This Could Cause a "Rapid Rise" in COVID Cases, New CDC Study Says
A new report released by the agency has a startling warning for us all.
The discovery of a growing number of highly contagious variants of the novel coronavirus has caused health officials a great deal of concern in recent months. Many have argued that the new strains increase the need to get as many vulnerable members of the population vaccinated as soon as possible—or at the very least, heighten awareness about following basic health guidelines such as mask wearing. But now, a new report from the U.S. Centers for Disease Control and Prevention (CDC) is deepening these concerns even further, predicting that these variants could lead to a "rapid rise" in COVID cases. Read on to see what the new study's findings could mean for the coming months, and for more on potential pandemic timelines, check out This Is Exactly When We'll See the Next COVID Surge, Experts Warn.
The new CDC report says the variants "could lead to a rapid rise in COVID-19 cases."
The new study, published in the CDC's Morbidity and Mortality Weekly Report on Feb. 17, examined eight Minnesota residents between the ages of 15 and 41 from mid-December to mid-January who had tested positive for the U.K.-originated B.1.1.7 variant. Researchers spoke to six of the eight patients who had become ill and all of them had traveled within the two weeks leading up to their diagnoses—three visited California, two traveled to West Africa, and one had been to the Dominican Republic.
In reporting the findings, the CDC released a warning that "new virus variants that spread more easily could lead to a rapid rise in COVID-19 cases." And for more on where the U.K. variant is spreading fastest in the U.S., check out These 2 States Are "At Risk of Being Overrun" by the New COVID Strain.
The findings highlight the need for continued use of public health protocols.
The study notes that the fact that none of the patients had visited the U.K. before testing positive for the B.1.1.7. variant was a genuine cause for concern. As such, the study's authors highlight the importance of following basic health measures to avoid a surge in cases.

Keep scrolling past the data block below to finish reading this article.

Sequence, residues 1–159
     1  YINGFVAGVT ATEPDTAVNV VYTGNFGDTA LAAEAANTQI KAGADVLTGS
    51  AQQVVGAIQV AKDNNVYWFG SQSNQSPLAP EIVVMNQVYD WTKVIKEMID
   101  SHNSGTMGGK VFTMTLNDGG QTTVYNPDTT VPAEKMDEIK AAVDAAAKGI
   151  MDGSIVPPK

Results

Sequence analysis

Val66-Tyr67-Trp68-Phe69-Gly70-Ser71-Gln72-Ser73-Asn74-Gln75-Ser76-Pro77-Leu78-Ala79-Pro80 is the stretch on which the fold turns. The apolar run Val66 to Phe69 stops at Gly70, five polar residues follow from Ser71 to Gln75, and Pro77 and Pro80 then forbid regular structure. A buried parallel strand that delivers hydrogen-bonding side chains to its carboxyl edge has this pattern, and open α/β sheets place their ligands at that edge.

"Identification of this variant in Minnesota, a variant that epidemiologic and genomic evidence suggests has increased transmissibility, highlights the importance of mitigation measures such as mask use, physical distancing, avoiding crowds and poorly ventilated indoor spaces, isolation of persons with diagnosed COVID-19, quarantine of close contacts of persons with COVID-19, and adherence to CDC travel guidance to slow transmission," the study advises. And for more on what you should be doing at the moment, check out The CDC Says You Should Be Doing These 3 Things With Your Mask Right Now.
The spread of the variants in the U.S. could already be worse than we realize.
Unfortunately, it appears that mutated strains are beginning to show up in increasing numbers across the U.S. The CDC reports that 1,299 COVID-19 cases caused by variants have been reported as of Feb. 16: 1,277 of them were the U.K. B.1.1.7 variant, which has been found across 41 states and Washington, D.C., and 19 cases reported across 10 states were the B.1.351 variant that originated in South Africa. Right now, there are only three confirmed cases of P.1., the variant that originated in Brazilian, across two states.
But in order to combat the rise of such variants and know how widely spread they are, researchers need to actually be able to find them. Currently, testing centers in the United States sequence genomes from less than one percent of all coronavirus tests, The New York Times reports, meaning any current counts are likely an underrepresentation of actual numbers. And for more COVID news delivered right to your inbox, sign up for our daily newsletter.
The next 14 weeks could bring the worst days of the pandemic.
Other health experts have recently raised concerns that another variant-fueled surge in cases may be looming in the coming months. While discussing the process of reopening schools during an interview with CBS's This Morning on Feb. 15, Michael Osterholm, PhD, a member of the White House's COVID advisory board, issued a stark warning: "The next 14 weeks I think will be the worst of the pandemic."
He continued: "People don't want to hear that, but if we look at what these variants are doing, particularly this one from the United Kingdom, and see what it did in Europe, see what it's done in the Middle East, it's now beginning to start that here in the U.S. We are going to see that unfold." And for more on how the pandemic is already affecting where you live, check out This Is How Much COVID Is Still Spreading in Your State.